Now I had to start thinking more carefully about what I would include on my wishlist. This seems like an easy, fun activity – scouring websites, blogs, and Pinterest for inspiration – but the reality is that it’s more than a little overwhelming. So once again, I turned to the listserv to crowdsource suggestions, and just as before, the suggestions came pouring in: a TV to show digital work, a media lab, makerspaces, a spot for reader’s theater, and more. Some were ideas I’d come up with on my own, but others made me go “what a WONDERFUL idea! I can’t believe I hadn’t thought of that before!” Especially as someone who is the sole librarian in my district, I value having a virtual “team” more than I can say.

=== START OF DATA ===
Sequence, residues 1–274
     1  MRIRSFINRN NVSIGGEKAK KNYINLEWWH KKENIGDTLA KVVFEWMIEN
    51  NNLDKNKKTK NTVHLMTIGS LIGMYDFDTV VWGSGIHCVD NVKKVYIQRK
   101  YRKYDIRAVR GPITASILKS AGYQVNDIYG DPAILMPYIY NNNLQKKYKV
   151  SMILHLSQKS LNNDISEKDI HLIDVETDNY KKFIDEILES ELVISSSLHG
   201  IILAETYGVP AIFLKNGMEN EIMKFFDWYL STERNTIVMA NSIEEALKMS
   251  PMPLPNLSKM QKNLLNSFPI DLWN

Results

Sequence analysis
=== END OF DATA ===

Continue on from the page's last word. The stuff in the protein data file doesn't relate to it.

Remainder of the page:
Flash forward to March and the MSLA unconference and conference in Amherst. Sunday morning dawned, and the fantastic Laura D’Elia and Dan Callahan kicked off the Unconference. The morning session I attended focused on makerspaces, and I loved hearing about technology-centric makerspaces (video production/green screens/stop-motion apps) as well as the more practical ones, like knitting or sewing. My afternoon session of choice focused on learning commons – about 20 of us, representing a variety of schools and different stages of the process. Ellen Brandt from Westford shared her experiences (which she’s also been documenting on the listserv), but it was also great to hear from others who have started to make small changes, or who are trying to figure out where to begin. The beauty of an unconference is that each of us had a voice instead of one presenter who answered a handful of questions at the end of a session. I am looking forward to participating in a more general unconference at some point in the future, but only MSLA can provide a library-specific unconference where we can share experiences and topics that are directly relevant to our work.